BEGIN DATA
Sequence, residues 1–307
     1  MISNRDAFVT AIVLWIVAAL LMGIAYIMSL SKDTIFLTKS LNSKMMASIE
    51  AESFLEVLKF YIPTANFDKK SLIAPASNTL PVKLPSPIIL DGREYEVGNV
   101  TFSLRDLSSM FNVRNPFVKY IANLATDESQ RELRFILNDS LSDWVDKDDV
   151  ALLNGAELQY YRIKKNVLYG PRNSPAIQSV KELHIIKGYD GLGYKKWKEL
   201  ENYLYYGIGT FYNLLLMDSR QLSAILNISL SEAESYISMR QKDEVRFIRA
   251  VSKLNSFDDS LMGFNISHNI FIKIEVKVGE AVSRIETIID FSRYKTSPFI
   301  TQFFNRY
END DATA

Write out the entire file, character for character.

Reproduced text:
Sequence, residues 1–307
     1  MISNRDAFVT AIVLWIVAAL LMGIAYIMSL SKDTIFLTKS LNSKMMASIE
    51  AESFLEVLKF YIPTANFDKK SLIAPASNTL PVKLPSPIIL DGREYEVGNV
   101  TFSLRDLSSM FNVRNPFVKY IANLATDESQ RELRFILNDS LSDWVDKDDV
   151  ALLNGAELQY YRIKKNVLYG PRNSPAIQSV KELHIIKGYD GLGYKKWKEL
   201  ENYLYYGIGT FYNLLLMDSR QLSAILNISL SEAESYISMR QKDEVRFIRA
   251  VSKLNSFDDS LMGFNISHNI FIKIEVKVGE AVSRIETIID FSRYKTSPFI
   301  TQFFNRY